When I had just completed the diploma programme after three and a half years, I was about to start looking for a job, but then I thought that I might as well continue for another one and a half years to become a Master of Science in Engineering. And after that I once again felt that I had to get a job, but again I was tempted by the PhD programme. I had pictured myself working in a refinery or something like Novozymes, but gradually I turned towards research.

The more time I spent in the academic environment, the more exiting it became. And it was crucial that I started working with human cells; I had not done that before I began work on my PhD. I remember looking into a microscope and seeing human cells for the first time. I thought, “Why, this is what it is all about. Now it makes sense”. I almost got a kick out of it – it was an eye opener’.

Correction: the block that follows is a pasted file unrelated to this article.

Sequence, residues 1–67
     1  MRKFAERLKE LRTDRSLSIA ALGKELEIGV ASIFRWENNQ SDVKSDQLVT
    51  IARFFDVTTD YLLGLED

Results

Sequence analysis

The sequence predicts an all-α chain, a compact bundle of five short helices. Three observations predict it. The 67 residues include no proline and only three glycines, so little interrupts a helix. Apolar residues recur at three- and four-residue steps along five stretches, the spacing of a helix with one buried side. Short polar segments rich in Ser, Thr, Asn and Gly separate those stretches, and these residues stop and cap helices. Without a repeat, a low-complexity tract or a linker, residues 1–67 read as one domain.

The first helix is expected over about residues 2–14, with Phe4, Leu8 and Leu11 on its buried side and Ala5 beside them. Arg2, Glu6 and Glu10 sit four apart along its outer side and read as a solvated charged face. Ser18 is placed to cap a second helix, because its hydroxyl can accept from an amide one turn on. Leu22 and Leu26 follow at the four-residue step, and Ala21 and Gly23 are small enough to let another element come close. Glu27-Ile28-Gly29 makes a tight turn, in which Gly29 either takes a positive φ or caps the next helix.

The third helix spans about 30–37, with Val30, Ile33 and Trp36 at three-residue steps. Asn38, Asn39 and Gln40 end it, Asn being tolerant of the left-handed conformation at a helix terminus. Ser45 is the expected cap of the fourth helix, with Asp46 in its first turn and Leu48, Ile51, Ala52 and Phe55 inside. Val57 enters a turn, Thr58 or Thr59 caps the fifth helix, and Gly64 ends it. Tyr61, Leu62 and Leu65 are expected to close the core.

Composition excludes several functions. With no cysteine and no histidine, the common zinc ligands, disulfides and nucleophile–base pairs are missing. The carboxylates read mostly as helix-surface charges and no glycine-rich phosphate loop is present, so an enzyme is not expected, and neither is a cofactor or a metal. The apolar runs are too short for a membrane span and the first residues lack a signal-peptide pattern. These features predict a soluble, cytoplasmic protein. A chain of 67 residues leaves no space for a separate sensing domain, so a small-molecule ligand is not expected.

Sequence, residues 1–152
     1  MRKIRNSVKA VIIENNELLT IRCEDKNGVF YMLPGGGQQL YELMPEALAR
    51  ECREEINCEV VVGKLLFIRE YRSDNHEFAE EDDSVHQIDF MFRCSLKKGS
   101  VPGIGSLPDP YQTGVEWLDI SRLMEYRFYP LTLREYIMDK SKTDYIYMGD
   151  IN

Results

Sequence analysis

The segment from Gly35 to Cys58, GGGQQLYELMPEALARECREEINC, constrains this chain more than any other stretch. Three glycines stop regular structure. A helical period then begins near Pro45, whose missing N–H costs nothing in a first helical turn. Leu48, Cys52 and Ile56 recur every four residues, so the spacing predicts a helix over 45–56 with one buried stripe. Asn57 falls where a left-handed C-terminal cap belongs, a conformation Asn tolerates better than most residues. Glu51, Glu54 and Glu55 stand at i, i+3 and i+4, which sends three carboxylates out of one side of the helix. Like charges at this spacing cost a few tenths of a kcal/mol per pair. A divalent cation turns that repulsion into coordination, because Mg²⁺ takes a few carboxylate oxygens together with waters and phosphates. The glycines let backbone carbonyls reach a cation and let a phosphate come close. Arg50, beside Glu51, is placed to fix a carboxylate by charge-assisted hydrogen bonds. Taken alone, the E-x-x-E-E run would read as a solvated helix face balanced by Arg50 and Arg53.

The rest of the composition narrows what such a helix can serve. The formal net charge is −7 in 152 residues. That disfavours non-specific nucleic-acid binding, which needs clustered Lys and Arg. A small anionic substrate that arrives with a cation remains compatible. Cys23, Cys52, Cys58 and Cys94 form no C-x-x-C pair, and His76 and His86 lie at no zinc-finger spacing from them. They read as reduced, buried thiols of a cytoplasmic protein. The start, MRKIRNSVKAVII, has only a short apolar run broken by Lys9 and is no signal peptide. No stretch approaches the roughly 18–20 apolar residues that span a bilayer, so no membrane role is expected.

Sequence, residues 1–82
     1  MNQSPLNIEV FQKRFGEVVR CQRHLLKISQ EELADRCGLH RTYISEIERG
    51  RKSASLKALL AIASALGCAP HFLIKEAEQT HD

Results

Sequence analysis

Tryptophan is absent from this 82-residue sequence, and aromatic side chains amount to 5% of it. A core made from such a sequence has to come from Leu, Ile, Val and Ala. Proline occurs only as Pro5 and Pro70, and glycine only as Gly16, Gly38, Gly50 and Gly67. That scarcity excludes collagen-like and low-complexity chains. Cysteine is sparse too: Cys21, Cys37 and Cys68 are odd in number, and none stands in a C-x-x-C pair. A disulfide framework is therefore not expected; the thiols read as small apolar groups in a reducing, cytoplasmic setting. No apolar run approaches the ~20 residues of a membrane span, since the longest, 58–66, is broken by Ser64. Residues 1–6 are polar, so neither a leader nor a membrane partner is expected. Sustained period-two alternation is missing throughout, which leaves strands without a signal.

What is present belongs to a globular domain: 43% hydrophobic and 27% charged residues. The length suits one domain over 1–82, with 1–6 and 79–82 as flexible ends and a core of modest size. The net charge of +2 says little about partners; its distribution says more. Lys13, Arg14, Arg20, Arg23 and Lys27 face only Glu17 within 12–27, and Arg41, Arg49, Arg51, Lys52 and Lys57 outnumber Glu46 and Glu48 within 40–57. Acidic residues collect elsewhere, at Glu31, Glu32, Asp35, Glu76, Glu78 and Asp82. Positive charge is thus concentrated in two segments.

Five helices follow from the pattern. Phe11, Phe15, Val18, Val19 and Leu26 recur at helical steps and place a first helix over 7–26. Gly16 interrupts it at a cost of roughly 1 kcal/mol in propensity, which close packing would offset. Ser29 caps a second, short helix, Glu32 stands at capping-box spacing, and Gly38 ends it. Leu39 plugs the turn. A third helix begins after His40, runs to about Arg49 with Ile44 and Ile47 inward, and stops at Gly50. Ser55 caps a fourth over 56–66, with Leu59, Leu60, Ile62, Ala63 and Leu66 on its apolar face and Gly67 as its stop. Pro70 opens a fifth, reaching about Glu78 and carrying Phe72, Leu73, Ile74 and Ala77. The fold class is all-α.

What are you working on?

‘So far I have done a lot of research into DNA damage response – that is, how the cells respond and react to DNA damage. At CESA I need to extend it to all types of cell stress, and what the cells do to fight it. A lot of things attack and irritate the cells. Chemical substances from the body as well as from our surroundings, high body temperatures – the cells are constantly exposed to something. I would like to contribute to mapping the cells’ defence mechanisms.

My favourite topic at the moment is the protein P38. It is one of the main factors in the cells’ defence against stress, but we still do not know exactly what triggers it. I think we will be able to map it within a few years’.

Why is your research important to society?

‘In order to understand diseases, we need to understand the healthy body. The aim of all my research is to fight disease. The cells have to fight attacks on a daily basis, both from disease and aging. It is about discovering ways in which the cells can remain viable and healthy.